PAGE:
As a parent, it's not exactly an email you want to get from your child's school district: For almost a week, "explosive training material" was left under the hood of a school bus in Loudoun County, Va., that carried dozens of kids while the material was inside. The CIA performed training exercises with local law enforcement agencies at a high school during the school's spring break from March 21 to March 24 and placed the material into the engine compartment of the bus in order to test a dog's ability to detect the scent there, the Washington Post reports. But some of the material (a school spokesperson describes it as a "putty-type" explosive that requires a special detonator) fell further down into the compartment and was not removed until a routine maintenance check on Wednesday uncovered it.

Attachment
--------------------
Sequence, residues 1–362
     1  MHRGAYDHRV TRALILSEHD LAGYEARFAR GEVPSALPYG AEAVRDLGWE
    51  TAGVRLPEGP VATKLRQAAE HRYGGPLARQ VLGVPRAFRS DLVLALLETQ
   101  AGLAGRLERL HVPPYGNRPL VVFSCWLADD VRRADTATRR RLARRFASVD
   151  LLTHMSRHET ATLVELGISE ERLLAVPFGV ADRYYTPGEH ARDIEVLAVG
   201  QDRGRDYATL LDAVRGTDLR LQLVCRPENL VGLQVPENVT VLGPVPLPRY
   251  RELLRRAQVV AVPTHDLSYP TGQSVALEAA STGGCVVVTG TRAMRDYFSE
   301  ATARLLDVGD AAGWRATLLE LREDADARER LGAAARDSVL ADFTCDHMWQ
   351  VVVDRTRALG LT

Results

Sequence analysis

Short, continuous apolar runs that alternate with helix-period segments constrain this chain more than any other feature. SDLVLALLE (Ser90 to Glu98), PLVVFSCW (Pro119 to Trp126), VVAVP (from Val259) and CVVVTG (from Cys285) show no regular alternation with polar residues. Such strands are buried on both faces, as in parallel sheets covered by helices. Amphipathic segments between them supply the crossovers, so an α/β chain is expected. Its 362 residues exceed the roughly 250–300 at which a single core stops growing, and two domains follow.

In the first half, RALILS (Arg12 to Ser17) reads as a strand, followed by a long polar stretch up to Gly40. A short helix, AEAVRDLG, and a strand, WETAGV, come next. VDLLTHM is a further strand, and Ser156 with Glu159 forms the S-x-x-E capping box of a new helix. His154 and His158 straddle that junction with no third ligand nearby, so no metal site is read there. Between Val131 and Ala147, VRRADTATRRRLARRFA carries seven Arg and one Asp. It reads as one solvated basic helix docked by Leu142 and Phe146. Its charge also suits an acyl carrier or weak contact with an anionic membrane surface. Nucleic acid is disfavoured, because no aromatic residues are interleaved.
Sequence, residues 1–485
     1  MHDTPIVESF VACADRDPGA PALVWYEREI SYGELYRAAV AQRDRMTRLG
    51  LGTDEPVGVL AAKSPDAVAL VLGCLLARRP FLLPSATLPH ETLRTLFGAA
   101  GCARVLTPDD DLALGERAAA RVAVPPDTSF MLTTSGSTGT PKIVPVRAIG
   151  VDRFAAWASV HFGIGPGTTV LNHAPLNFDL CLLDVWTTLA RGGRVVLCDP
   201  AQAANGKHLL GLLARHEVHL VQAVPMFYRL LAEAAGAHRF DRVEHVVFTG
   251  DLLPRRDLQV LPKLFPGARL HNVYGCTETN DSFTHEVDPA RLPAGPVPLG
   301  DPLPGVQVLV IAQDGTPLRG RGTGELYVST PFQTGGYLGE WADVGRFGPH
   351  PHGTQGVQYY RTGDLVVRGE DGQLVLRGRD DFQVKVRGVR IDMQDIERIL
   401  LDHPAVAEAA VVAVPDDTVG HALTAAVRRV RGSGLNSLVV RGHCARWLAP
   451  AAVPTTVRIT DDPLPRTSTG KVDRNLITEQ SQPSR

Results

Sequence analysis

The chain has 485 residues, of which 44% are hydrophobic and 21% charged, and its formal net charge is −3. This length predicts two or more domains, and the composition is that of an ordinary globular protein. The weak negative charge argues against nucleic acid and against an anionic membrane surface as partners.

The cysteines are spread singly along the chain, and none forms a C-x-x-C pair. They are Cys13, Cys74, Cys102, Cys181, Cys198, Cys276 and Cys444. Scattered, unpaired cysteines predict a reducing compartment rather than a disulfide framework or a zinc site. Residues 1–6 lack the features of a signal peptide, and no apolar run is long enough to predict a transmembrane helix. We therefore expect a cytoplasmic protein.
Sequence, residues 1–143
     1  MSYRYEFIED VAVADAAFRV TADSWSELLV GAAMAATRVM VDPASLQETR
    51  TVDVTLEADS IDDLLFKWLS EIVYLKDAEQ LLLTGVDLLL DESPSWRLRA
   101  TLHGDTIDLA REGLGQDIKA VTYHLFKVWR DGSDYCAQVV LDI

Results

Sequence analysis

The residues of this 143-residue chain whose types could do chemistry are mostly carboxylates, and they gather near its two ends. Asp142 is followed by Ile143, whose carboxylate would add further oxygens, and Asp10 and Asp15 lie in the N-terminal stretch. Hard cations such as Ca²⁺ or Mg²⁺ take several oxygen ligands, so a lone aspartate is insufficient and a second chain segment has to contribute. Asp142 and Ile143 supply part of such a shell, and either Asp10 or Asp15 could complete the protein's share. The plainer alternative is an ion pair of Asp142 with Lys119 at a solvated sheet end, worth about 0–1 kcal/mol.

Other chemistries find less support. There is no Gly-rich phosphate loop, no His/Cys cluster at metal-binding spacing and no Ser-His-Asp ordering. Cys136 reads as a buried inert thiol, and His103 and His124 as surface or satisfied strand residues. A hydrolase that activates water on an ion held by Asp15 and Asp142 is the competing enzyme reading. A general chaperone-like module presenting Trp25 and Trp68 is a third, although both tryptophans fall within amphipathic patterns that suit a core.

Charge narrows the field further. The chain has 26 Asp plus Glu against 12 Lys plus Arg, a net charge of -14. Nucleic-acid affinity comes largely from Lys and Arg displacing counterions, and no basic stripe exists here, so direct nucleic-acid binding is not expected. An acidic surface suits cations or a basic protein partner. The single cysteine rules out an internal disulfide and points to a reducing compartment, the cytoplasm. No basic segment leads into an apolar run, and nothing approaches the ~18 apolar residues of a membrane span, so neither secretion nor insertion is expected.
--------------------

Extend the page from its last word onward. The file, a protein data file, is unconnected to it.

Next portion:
While the material was still in the bus, it made eight runs for a total of 145 miles and carried 26 students from elementary school age to high school age. Parents were informed of the mix-up in an email, Fox News reports, but the email was short on details, and many parents were left wanting better answers. "What are 'explosives training materials' anyway?" says one. "That could mean a lot of things, none of which belong on a school bus." The CIA, which helped the local sheriff's office and fire department remove the material from the bus Wednesday, says in a statement that the material "did not pose a danger to passengers on the bus." The Post notes that "putty, or plastic, explosives ... are used in demolition and are considered stable," and NBC Washington reports that, per a school spokesperson, no detonator or triggering device was included with the explosive material, so it was considered inert and benign.